I've always felt that I have an inside voice which guides me and opens my eyes to the kind of things that many other women feel nothing towards and just cope with. I was born in a country which suffers from a hierarchical authority. What makes this worse is that the women inside it are often part of that; they remain neutral or, even worse, support this authority. As women are an integral part in the dilemma, their negativity towards being subjected by men is perhaps the worst part of the equation.
In 2002, a woman by the name of Amina Lawal was sentenced to be stoned to death in Katsina state in Northern Nigeria. The local Nigerian women’s groupBAOBAB for Women’s Human Rights filed an appeal and launched a domestic campaign against the ruling while reaching out to international networks for specific requests. After some high-profile Western women’s rights groups raised the stoning issue internationally, a wave of support for Amina was orchestrated by various groups across the globe, including a flurry of petitions and letter writing campaigns, many of which presented inaccurate informationabout the case. Some protest letters represented negative stereotypes of Muslims, inflaming anti-Muslim sentiments that were already on the rise following the terrorist attacks on September 11, 2001.
Rather than guiding appropriate action, these negative and inaccurate portrayals about the plight of women, Islam, and Nigerian culture damaged the credibility of local activists and encouraged the threatening, hostile, and violent behaviour of vigilantes. Local Nigerian activists were accused of working with foreign governments and groups to embarrass the country of Nigeria, and some officialsbecame even more committed towards carrying out Amina’s death sentence after receiving various protest letters with Western postage. Although Amina Lawal was eventually released, the local women’s rights activists fighting on the frontlines in the battle to keep her alive were faced with ongoing harassment and repression by State and non-State forces, who continued to accuse them of being Western pawns or puppets, even spies working actively to destroy Islam from within.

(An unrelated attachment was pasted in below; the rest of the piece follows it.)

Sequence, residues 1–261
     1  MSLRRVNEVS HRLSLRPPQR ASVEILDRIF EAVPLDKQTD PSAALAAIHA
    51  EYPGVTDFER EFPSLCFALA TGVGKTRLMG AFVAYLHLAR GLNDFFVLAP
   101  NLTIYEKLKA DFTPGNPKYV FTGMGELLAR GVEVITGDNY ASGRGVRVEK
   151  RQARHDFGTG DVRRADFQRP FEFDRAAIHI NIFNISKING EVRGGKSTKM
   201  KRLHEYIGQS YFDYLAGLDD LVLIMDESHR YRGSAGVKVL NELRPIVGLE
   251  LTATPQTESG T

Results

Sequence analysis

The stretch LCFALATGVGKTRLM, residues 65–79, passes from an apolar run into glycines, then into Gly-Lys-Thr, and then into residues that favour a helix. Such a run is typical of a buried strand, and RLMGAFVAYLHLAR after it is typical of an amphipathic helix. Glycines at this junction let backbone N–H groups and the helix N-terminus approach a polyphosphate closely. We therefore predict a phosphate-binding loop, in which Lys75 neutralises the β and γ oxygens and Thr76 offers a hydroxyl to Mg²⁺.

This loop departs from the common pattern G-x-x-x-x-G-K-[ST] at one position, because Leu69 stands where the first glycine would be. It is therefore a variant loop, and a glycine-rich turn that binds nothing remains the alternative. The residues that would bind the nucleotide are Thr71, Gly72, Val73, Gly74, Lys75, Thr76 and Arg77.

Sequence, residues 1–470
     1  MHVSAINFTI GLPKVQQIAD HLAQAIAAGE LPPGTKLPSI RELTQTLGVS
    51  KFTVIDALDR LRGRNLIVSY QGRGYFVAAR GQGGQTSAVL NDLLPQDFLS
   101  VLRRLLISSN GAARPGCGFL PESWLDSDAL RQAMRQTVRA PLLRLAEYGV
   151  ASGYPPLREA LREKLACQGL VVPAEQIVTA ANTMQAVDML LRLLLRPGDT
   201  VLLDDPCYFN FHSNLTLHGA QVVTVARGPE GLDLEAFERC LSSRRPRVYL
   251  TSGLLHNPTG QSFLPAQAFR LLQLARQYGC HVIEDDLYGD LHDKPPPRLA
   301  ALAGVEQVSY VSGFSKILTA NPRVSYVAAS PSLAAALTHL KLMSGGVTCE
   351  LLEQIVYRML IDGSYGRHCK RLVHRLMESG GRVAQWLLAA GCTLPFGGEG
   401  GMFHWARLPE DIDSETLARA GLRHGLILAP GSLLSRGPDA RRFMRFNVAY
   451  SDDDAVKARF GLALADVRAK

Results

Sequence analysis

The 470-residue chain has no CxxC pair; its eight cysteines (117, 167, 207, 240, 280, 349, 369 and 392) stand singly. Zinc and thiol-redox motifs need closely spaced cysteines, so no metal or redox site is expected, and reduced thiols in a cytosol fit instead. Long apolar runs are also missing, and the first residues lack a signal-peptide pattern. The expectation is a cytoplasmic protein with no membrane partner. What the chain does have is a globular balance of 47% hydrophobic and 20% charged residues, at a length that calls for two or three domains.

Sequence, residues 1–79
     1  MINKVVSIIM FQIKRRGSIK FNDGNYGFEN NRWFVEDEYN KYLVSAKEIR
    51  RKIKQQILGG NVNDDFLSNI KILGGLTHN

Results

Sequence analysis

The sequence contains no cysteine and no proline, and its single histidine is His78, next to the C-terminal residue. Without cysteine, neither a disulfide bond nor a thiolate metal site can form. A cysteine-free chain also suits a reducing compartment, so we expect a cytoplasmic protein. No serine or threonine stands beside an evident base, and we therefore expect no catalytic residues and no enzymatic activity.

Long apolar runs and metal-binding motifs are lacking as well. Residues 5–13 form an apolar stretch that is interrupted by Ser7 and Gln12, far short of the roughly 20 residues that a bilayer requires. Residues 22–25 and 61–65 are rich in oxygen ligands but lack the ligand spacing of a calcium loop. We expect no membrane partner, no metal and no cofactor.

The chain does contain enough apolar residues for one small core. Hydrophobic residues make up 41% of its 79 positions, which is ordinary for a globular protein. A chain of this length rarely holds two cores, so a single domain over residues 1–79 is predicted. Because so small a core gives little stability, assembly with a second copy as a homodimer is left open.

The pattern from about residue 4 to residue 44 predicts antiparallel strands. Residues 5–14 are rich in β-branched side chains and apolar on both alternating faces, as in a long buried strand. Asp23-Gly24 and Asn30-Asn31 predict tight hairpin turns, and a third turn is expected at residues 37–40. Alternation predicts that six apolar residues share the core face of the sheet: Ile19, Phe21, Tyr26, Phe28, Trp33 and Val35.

She was 34. Born the year that I was. I knew what it meant to be that age, for a woman living in a city and pursuing a career and vibrant social life. One juggled deadlines at work and invitations to wine and cheese soirees, the struggle with self doubts and body image was giving way to a strange but unsettling peace and irreverence, making me wonder if it was the signs of menopause. But I couldn't possible imagine or know what Manorama's life was like. And yet, the news of her passing and the manner in which she was brutally murdered by security forces set me thinking and reading into the life and times of women caught in the web of militarism and violence.
The year was 2004. Thangjam Manorama had been found dead in a field, her body ridden with six bullets including one in the genitals. The forensic report found semen stains on her skirt, suggesting that she may have been raped before she died. She was pronounced a separatist leader who specialised in improvised explosive devices and security forces claimed that she was responsible for several bomb blasts by the People's Liberation Army of Manipur, a revolutionary group that was trained by some of India's neighbours and was fighting for an independent socialist state of Manipur. Her family claimed that she was a peaceful activist, though many journalists privately agreed that she did belong to an underground outfit. She was picked up from her home, without an arrest warrant and was tortured and brutalised before being killed in cold blood. Even if Manorama was guilty, she deserved a process of interrogation, court proceedings and then a jail term. Not a brutal death at the hands of uncouth men in uniform. Her death remains shrouded in controversy even today, with security forces refusing to adhere to norms, refusing to attend court hearings and taking cover under the Armed Forces Special Powers Act which insulates them from the mandate of ordinary law.